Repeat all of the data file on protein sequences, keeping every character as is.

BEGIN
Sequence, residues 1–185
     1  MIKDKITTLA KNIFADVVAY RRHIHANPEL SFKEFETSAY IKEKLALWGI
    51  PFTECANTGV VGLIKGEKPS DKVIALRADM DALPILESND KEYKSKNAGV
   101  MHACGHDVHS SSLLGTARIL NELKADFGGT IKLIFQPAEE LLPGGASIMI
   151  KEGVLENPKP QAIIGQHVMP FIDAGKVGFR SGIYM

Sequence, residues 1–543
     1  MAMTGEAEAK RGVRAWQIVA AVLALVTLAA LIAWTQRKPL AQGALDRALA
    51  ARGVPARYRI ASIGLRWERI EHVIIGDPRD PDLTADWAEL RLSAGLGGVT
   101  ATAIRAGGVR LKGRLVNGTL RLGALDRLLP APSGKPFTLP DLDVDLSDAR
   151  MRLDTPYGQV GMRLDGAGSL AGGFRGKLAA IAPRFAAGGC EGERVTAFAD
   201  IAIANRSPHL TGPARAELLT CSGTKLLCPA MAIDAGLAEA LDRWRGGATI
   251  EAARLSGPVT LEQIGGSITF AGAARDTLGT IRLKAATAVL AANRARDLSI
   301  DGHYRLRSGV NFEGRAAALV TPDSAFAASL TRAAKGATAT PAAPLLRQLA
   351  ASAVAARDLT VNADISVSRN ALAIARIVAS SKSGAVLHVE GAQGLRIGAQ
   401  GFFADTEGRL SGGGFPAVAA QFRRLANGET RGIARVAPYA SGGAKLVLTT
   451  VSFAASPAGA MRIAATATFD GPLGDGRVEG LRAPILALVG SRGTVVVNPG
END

Sequence, residues 1–185
     1  MIKDKITTLA KNIFADVVAY RRHIHANPEL SFKEFETSAY IKEKLALWGI
    51  PFTECANTGV VGLIKGEKPS DKVIALRADM DALPILESND KEYKSKNAGV
   101  MHACGHDVHS SSLLGTARIL NELKADFGGT IKLIFQPAEE LLPGGASIMI
   151  KEGVLENPKP QAIIGQHVMP FIDAGKVGFR SGIYM

Sequence, residues 1–543
     1  MAMTGEAEAK RGVRAWQIVA AVLALVTLAA LIAWTQRKPL AQGALDRALA
    51  ARGVPARYRI ASIGLRWERI EHVIIGDPRD PDLTADWAEL RLSAGLGGVT
   101  ATAIRAGGVR LKGRLVNGTL RLGALDRLLP APSGKPFTLP DLDVDLSDAR
   151  MRLDTPYGQV GMRLDGAGSL AGGFRGKLAA IAPRFAAGGC EGERVTAFAD
   201  IAIANRSPHL TGPARAELLT CSGTKLLCPA MAIDAGLAEA LDRWRGGATI
   251  EAARLSGPVT LEQIGGSITF AGAARDTLGT IRLKAATAVL AANRARDLSI
   301  DGHYRLRSGV NFEGRAAALV TPDSAFAASL TRAAKGATAT PAAPLLRQLA
   351  ASAVAARDLT VNADISVSRN ALAIARIVAS SKSGAVLHVE GAQGLRIGAQ
   401  GFFADTEGRL SGGGFPAVAA QFRRLANGET RGIARVAPYA SGGAKLVLTT
   451  VSFAASPAGA MRIAATATFD GPLGDGRVEG LRAPILALVG SRGTVVVNPG